When it comes to seeing chillwave live, I don’t set the bar very high. The shows I’ve been to (Toro Y Moi, Millionyoung, etc.) have been pretty formulaic and simplistic: A dude, a laptop/keyboard/synth/other electronics, a microphone, and maybe, just maybe, if we’re really lucky, a guitar. I’ve decided that if I’m watching a particular chillwave artist and they’re in a good mood, then I’ll be in a good mood. That’s all it will take. So while I was pretty excited that Washed Out (a.k.a. Ernest Greene) would be performing at Eye Level Art, I was keeping my glass half-empty.
Washed Out came to the Lowcountry, his first time in South Carolina, along with artist Mark Gravel, a former Charlestonian whose work with the Bouwerie collective has him serving bean-based dishes at temporary restaurants he’s set up in cities like Brooklyn and San Francisco. He named Charleston’s version Peaches after the state fruit of South Carolina and of Georgia, where Greene hails from. Before the show, Gravel scooped out rations of his vegan red-bean gumbo onto rice, each portion lovingly sprinkled with scallions before it was handed to a waiting patron. Some people may have avoided Peaches because of the rainy Tuesday evening, but really, what better way to find comfort on a dreary evening than with a warm, rib-sticking dish?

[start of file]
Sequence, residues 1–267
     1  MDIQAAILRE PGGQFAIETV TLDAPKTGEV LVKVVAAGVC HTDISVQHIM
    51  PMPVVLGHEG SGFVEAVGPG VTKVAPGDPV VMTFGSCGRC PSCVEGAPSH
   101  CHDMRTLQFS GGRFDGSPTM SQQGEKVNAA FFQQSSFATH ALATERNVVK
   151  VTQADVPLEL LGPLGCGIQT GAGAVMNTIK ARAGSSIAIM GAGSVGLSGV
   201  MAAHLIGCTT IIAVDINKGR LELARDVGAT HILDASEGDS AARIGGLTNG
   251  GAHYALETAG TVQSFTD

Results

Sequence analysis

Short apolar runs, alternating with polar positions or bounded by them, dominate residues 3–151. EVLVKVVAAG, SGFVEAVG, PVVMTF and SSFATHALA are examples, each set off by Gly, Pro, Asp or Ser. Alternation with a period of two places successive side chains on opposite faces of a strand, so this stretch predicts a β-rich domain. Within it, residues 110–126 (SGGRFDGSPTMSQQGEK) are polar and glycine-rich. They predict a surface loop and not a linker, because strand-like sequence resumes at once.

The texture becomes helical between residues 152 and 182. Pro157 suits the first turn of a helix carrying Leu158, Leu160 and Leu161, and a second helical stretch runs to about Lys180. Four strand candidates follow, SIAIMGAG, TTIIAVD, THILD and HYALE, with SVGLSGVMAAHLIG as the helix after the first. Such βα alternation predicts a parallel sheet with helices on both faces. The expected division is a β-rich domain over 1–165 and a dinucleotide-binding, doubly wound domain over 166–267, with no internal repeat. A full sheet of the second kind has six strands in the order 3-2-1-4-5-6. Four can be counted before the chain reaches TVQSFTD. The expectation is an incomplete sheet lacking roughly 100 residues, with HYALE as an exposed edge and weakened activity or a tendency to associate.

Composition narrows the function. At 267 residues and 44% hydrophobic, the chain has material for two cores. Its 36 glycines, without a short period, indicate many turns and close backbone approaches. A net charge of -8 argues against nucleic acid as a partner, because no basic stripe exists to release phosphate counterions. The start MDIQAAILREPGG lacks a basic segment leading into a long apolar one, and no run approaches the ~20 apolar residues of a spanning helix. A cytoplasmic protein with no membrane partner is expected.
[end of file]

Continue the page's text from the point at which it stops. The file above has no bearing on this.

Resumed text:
Following a DJ, Greene took the stage with a full band, including his wife. The group crowded the space with multiple gadgets and gizmos as well as a bass, a couple of drum kits, and a tambourine. It’s always interesting to see complex, layered music performed live, to see the intricacies involved in creating the sounds we hear on the record. For the most part, Greene stuck to vocals, occasionally taking to a keyboard or synth but mostly letting his bandmates handle the rest.
A couple songs in, Greene asked the crowd to loosen up and start moving. I mean, come on people. It may be a long time before a show like this happens here again — Toro Y Moi (Chaz Bundick, who was in the audience last night) was nine months ago. Shake your asses people. The centrally located members of the audience (i.e. the only people really in my line of sight) complied, myself included. The spirits on stage were equally high, and like I said, that’s all I really need to enjoy myself. I'm easy. But in more technical terms, the sound was great, especially for a venue that wasn’t originally intended to host shows. Eye Level, please do more events like this in the future.
It was a fun show, but very short. Almost too short. But I guess it was a Tuesday.